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being obliged to sustain actions founded on That ibe defendant's filly was dead. Tne bets. Besides the countenance thereby given learned counsel observed, that the stipulato a pernicious system of gambling the trans- tion of the half forfeit was to guard against actions themselves are frequently too base accidents, which hurses as well as men uere or contemptible for grave investigation. subject to. The wager had been won up to Among those disgraceful suits which learned the extent of one balt of it; aud the law of Judges have been obliged to decide, was one England would shew that the defendant was between two young fashionables, on the bound to pay the 50%. for the recovery of lives of their fathers, running them against which the action was brought each other, and calculating the bet in pro- The Attorney Generai submitted to the portion to the chances of longevity. He court, that ihe act of God bad rendered it whose father died first was to pay a forfeit. impossible for the defendant to fulfil bis part It turned out that the father of one of these of 'he contract; and that such rule of law hopeful youths, was dead at the time his was equally as applicable to brutes as to dutiful son was making this wager, though manhind. both the parties were ignorant of it. He re- Chief Justice --- Here not so, undoubtedly; fused to pay the stipulated sum, which was, a man undertakes that he will doso and so, however, recovered at law. A bet was made and binds himself to the performance of it ; as to the sex of the Chevalier D'Eon, but lord he is responsible for the non-performance of Mansfield refused to try it, as affecting the his agreement. So with a horse ; a man feelings of a third person.' An action was may bind himself that bis filly shall perforin lately broughtato recover a bet won on Jo- a stipulated task, wbicli it cannot do. The anna Southcot's non-delivery of a male responsibility certainly lies upon the con. child, before the lst. of November, 1815; traet." but it appearing that Joanna Southcot was Verdict-For the plantiff damages 501. not a married woman, the learned justice Chief Justice--- Gentlemen of the Jury, dismissed the suit, as involving too delicate you will recollect that pounds are always a subject of inquiry,-though he admitted, guineas on the turf!”—The verdict was acif she had been a married woman, it would cordingly altered to guineas. have been a strictly legal wager!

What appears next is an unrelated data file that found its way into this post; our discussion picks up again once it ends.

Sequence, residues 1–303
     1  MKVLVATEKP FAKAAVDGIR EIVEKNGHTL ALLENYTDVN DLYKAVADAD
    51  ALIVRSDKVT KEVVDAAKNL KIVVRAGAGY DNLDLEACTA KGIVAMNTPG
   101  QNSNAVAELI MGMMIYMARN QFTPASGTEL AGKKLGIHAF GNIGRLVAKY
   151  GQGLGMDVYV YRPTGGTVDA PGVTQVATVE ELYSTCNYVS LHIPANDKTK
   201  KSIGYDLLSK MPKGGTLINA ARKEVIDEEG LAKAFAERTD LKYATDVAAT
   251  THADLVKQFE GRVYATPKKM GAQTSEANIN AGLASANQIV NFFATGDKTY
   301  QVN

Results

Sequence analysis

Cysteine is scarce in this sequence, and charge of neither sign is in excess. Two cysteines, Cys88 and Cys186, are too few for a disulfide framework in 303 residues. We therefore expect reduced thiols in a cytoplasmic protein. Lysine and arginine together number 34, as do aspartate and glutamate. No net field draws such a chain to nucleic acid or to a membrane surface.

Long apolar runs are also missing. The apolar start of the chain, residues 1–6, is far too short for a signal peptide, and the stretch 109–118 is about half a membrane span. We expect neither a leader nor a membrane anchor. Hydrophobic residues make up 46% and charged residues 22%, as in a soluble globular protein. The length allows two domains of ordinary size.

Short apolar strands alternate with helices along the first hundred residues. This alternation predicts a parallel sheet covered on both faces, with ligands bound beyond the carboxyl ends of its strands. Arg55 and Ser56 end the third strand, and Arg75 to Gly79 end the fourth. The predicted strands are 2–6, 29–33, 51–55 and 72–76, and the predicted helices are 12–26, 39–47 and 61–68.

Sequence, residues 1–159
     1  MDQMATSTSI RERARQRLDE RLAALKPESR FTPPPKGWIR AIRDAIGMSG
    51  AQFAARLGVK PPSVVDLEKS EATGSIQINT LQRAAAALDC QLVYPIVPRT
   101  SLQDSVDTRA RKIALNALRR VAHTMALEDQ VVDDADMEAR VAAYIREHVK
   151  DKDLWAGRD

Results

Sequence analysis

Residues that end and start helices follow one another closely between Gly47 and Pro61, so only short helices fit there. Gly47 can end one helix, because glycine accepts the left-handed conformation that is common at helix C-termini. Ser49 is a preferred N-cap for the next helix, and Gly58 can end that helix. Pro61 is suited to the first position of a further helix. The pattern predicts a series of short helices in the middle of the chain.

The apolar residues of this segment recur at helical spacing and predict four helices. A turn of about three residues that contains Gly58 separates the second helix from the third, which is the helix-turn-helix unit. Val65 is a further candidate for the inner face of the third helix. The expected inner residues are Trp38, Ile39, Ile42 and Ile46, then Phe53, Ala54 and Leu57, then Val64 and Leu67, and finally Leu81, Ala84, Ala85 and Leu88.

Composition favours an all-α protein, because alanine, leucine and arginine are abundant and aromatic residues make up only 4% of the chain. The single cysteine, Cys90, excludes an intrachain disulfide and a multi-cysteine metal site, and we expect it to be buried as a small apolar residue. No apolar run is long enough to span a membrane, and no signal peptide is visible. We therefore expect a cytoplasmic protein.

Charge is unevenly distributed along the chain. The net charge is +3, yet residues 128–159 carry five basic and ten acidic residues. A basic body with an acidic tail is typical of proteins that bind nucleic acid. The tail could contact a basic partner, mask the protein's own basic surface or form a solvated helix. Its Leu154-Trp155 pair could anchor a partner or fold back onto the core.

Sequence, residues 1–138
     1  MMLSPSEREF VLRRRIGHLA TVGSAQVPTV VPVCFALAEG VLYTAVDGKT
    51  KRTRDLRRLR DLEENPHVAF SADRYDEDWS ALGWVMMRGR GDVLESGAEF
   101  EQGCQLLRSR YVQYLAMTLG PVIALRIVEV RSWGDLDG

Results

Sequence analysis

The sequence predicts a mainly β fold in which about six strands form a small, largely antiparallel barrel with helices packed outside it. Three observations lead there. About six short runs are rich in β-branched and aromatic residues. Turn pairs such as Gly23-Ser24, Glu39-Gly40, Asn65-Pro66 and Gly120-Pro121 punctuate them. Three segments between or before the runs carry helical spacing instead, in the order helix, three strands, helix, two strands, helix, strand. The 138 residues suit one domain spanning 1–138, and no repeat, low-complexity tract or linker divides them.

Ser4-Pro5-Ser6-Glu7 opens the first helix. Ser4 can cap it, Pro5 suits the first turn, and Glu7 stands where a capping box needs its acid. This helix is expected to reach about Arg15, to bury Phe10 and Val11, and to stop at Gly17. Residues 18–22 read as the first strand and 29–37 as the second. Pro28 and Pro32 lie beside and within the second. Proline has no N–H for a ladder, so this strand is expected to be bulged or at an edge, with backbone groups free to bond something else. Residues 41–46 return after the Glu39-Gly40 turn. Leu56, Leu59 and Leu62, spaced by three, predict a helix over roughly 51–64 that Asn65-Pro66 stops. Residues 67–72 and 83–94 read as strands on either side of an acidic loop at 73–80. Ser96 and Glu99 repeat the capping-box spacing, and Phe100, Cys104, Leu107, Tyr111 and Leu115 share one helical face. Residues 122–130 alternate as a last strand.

We think the Supreme Court of Massachu. From the European Magazine for Aug. 1817. setts took the proper ground in regard to this

ENGLISH BISHOPRICKS. species of litigation. On the first attempt to Statement of the Value of different Sees, acinforce a contract of this kind, the Court

cording to the present Rentals : the indisclaimed all cognizance of questions of this

equality among them is geuerally little description, as unworthy of their notice. It